5 Conclusions

In our study, we have employed 15 models from the PlioMIP2 ensemble to investigate what drives the stronger AMOC in the mid-Pliocene simulations and how the Atlantic OHT and North Atlantic SSTs respond to this strengthening. All models that simulate a stronger mid-Pliocene AMOC show that the closure of the Bering Strait and Canadian Archipelago in the mid-Pliocene leads to a dramatic decrease in southward freshwater transport into the Labrador Sea. The increased salinity in the Labrador Sea and subpolar North Atlantic, which is related to both the decreased freshwater transport through the Canadian Archipelago and decreased surface freshwater flux over the subpolar North Atlantic, stimulates deepwater formation in these areas, leading to a stronger AMOC. These results are consistent with the conclusions of Otto‐Bliesner et al. (2017), who showed that closing the Bering Strait and Canadian Archipelago in their CCSM4 model led to a stronger mid-Pliocene AMOC due to altered freshwater transport in the Arctic and North Atlantic. We show in this study that the increase in salinity in the high North Atlantic is a consistent feature across the mid-Pliocene simulations in the PlioMIP2 ensemble and can be confidently linked to the stronger mid-Pliocene AMOC.

We show that the response of the total Atlantic OHT to a stronger mid-Pliocene AMOC seems inconsistent among models due to a compensation mechanism between the overturning circulation and wind-driven gyre circulation. When separating the OHT into two components, one driven by the overturning circulation and the other by the wind-driven gyre circulation, we find that the OHT associated with overturning does consistently increase with a stronger AMOC. The OHT associated with the subtropical gyre decreases as a response to ocean temperatures increasing more in the east than in the west of the North Atlantic in the mid-Pliocene. This decrease in gyre OHT partially compensates the higher OHT by overturning in the northern subtropical gyre region. As individual model dynamics are highly variable, the degree of compensation differs among models. However, the mean response is consistent. We argue that the OHT components should be considered separately when evaluating the response of the OHT to a stronger mid-Pliocene AMOC. When doing so, we find that the stronger mid-Pliocene AMOC in the PlioMIP2 ensemble does lead to enhanced Atlantic OHT by the overturning circulation.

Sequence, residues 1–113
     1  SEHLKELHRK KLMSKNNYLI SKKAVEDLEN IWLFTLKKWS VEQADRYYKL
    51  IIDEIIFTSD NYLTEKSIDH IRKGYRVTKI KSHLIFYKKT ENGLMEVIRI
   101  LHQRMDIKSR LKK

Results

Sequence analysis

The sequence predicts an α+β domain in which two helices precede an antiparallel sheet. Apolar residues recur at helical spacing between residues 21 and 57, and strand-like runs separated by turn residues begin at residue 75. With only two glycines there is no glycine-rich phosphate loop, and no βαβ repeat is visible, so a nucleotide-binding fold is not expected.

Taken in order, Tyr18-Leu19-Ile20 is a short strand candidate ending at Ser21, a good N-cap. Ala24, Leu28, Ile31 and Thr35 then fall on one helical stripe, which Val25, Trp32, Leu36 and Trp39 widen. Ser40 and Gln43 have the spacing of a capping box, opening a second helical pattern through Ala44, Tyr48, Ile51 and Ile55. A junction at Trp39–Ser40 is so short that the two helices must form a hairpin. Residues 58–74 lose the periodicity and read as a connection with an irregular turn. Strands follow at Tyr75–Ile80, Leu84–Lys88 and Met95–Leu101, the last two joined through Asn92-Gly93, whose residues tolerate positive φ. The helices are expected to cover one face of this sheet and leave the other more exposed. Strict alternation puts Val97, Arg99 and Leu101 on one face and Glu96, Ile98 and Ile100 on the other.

It has been suggested that the improved data–model agreement in the North Atlantic may be due to a stronger AMOC transporting more heat to the North Atlantic in the PlioMIP2 ensemble (Haywood et al.2020). Indeed, our results show that the AMOC has a stronger influence on North Atlantic SSTs in the mid-Pliocene than in the pre-industrial. However, the spatial extent and magnitude of this effect are highly variable among individual models, which may explain why Z. Zhang et al. (2021) were not able to identify a consistent relationship between the AMOC strength and average North Atlantic SST warming. It remains difficult to quantify the extent of the influence of the AMOC on North Atlantic SSTs, but our study shows that its influence is significant. Furthermore, we conclude that the AMOC is an important factor in explaining the better agreement of the PlioMIP2 ensemble SSTs with reconstructions in the North Atlantic.

The results presented in this study provide an in-depth look at how the stronger mid-Pliocene AMOC in PlioMIP2 is driven and what its consequences are for the OHT and SST warming in the North Atlantic. They also raise further questions, such as the degree to which the decrease in OHT by the gyre circulation is a response to the increase in OHT by the stronger Atlantic overturning circulation and how the ECS and ESS of individual models may influence modeled SST warming in the mid-Pliocene. Furthermore, given the influence of the stronger mid-Pliocene AMOC on the Atlantic OHT and enhanced SST warming, it raises the question as to what extent and in which context the mid-Pliocene is suitable as a future climate analog. The impact of a stronger AMOC on the regional and global climate is significant and must be taken into consideration when comparing the mid-Pliocene climate to future warming scenarios.